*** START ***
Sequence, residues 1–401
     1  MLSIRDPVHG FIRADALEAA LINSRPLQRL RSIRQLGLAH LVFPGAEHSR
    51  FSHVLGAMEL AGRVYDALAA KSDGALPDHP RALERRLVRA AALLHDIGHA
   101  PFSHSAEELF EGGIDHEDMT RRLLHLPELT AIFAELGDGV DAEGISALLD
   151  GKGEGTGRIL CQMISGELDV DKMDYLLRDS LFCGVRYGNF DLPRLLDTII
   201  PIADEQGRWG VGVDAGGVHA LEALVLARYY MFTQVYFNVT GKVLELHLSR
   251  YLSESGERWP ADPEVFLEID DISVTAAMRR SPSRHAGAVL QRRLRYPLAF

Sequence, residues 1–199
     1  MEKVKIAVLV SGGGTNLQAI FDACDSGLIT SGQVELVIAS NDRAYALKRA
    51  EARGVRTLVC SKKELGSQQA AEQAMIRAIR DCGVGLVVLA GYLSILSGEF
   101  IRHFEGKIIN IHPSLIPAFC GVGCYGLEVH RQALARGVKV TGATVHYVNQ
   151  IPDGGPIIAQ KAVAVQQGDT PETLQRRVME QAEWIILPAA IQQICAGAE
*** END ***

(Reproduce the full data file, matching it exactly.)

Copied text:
Sequence, residues 1–401
     1  MLSIRDPVHG FIRADALEAA LINSRPLQRL RSIRQLGLAH LVFPGAEHSR
    51  FSHVLGAMEL AGRVYDALAA KSDGALPDHP RALERRLVRA AALLHDIGHA
   101  PFSHSAEELF EGGIDHEDMT RRLLHLPELT AIFAELGDGV DAEGISALLD
   151  GKGEGTGRIL CQMISGELDV DKMDYLLRDS LFCGVRYGNF DLPRLLDTII
   201  PIADEQGRWG VGVDAGGVHA LEALVLARYY MFTQVYFNVT GKVLELHLSR
   251  YLSESGERWP ADPEVFLEID DISVTAAMRR SPSRHAGAVL QRRLRYPLAF

Sequence, residues 1–199
     1  MEKVKIAVLV SGGGTNLQAI FDACDSGLIT SGQVELVIAS NDRAYALKRA
    51  EARGVRTLVC SKKELGSQQA AEQAMIRAIR DCGVGLVVLA GYLSILSGEF
   101  IRHFEGKIIN IHPSLIPAFC GVGCYGLEVH RQALARGVKV TGATVHYVNQ
   151  IPDGGPIIAQ KAVAVQQGDT PETLQRRVME QAEWIILPAA IQQICAGAE